With 5 inches of rain expected in Santa Cruz mountain burn areas, officials fear mudslides

Mist shrouds the Walton Lighthouse in Santa Cruz
Mist shrouds the Walton Lighthouse in Santa Cruz, which was threatened by the massive CZU August Lightning Complex fire last summer. Now, burn areas are bracing for mudslides, with 5 inches or more of rain expected.
(Luis Sinco / Los Angeles Times)

As drizzle began falling here Tuesday afternoon residents scurried to stockpile survival essentials. Some were prepared to hunker in place for a week, or two — assuming that roads would be closed and power would be lost amid massive mudslides. Others shouldered “go bags” and filled their cars and trucks with pet food, personal documents and keepsakes before evacuating their homes for an indeterminate period of time.

The day before, officials had ordered evacuations throughout the Santa Cruz Mountains, saying an anticipated rain and wind event could trigger massive debris flows, road closures and prolonged power outages in areas scorched by the CZU August Lightning Complex fires this past summer.

Matt Machado, the director of Santa Cruz County’s public utilities, called the coming rains a “one-off” event — suggesting the damage incurred from the relatively mild atmospheric river event could be historic. Evacuation areas included Boulder Creek, Ben Lomond, Davenport and parts of San Mateo County.

The storm was bad news for Boulder Creek and other communities located in steep and narrow canyons visited recently by fire. A rain band that sits over a severe burn scar for just 15 to 30 minutes could send mud, boulders and vegetation roaring through roads, homes, and business districts along the San Lorenzo Valley and coast.

Along Boulder Creek’s main drag Tuesday, residents streamed into Scarborough Lumber to purchase kerosene, lamp oil, gasoline jerrycans, lamps, flashlights and wood burning pellets.

As dark clouds rolled in, cashier Sibylle Weikel said she’d been working nonstop since the morning.

“People have been coming in all day,” she said. “There’s been a constant line.”

The hardware store, like its next-door neighbor, Redwood Keg Liquor & Deli, sits within the evacuation zone.

This past summer, fires burned throughout the hills and ridges above town — scarring the steep hillsides that jut into the valley and burning hundreds of homes.

California has a long history of lightning-caused fires, but 2020 is showing how a changing climate can affect the growth of such blazes.

Aug. 30, 2020


Jane Presswood, the owner of the liquor store, said she was closing down early Tuesday and expected to remain closed until Friday.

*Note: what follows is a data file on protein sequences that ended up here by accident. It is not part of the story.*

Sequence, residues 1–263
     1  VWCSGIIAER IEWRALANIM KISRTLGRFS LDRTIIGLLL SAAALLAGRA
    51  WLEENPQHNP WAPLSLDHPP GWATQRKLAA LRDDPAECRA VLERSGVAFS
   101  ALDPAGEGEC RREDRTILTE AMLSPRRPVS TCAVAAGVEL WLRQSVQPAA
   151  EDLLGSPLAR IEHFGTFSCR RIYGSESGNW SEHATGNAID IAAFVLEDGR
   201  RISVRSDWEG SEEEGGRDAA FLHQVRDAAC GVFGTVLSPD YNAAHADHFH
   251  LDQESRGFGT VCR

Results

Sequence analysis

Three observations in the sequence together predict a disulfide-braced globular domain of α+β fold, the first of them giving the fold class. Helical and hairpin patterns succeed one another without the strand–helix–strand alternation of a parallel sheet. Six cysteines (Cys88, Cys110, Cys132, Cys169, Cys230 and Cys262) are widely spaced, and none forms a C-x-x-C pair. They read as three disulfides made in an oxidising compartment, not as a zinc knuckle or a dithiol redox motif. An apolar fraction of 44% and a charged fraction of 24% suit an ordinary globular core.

She and her husband were heading to a hotel in Santa Cruz to ride out the storm, she said. Some of her neighbors however are staying put, including John Moxon, who was chatting with Pressman at the store while buying himself a lottery ticket.

“Hope I don’t become a statistic,” he said, with a rueful laugh. Then he suggested he might end up leaving, if things started looking bad.

The area is expected to receive 5 to 7 inches of rain over the next three days, with isolated areas seeing more. Those levels will exceed thresholds required to trigger debris flows in the area. According to geologists, the thresholds are 0.3 inches of rain within 15 minutes, 0.5 inches within 30 minutes, or 0.7 inches within an hour.

“These thresholds, we’re going to meet them,” said Chief Deputy Sheriff Chris Clark, of Santa Cruz County. “And not only are we going to meet them, there’s a whole other component of this storm that, frankly, really concerns me ... and that’s the wind.”

Forecasters are predicting 30-50 mph wind gusts along the ridges and summits as the storm approaches, potentially downing power lines and trees. That could make evacuations and rescue attempts not only difficult, but potentially impossible.

Kelly Foster, who owns a house off of Swanton Road, near the coast, said he was feeling reasonably prepared “unless the hillside above lets loose, in which case none of my prep work will matter.”

Officials from the county and the California Department of Forestry and Fire Protection, including CZU Unit Chief Ian Larkin, urged people to leave before the rains began.


“We just ask you to heed these warnings and get out of the way because you will not hear a debris flow when it occurs. When you hear it, it’s too late,” he said Monday.

East of Boulder Creek, crews from Santa Clara County were parked along the shoulder of Bear Creek Road, waiting to clear the winding, two-lane thoroughfare of collapsed trees and limbs — clearing paths for emergency crews and later, evacuating residents.

Debris and tree branches from a wind event that struck the area last week still littered the shoulders of Highways 35 and 9.

The event disrupted power to hundreds in the area, said Eric Scoredos, who was at the hardware store searching for lamp oil Tuesday.

Scoredos said he’d just gotten his power back a day ago, and he expected to lose it again that evening or the next day.

“Seems we go from one event to the other,” he said. “That’s just life in Boulder Creek.”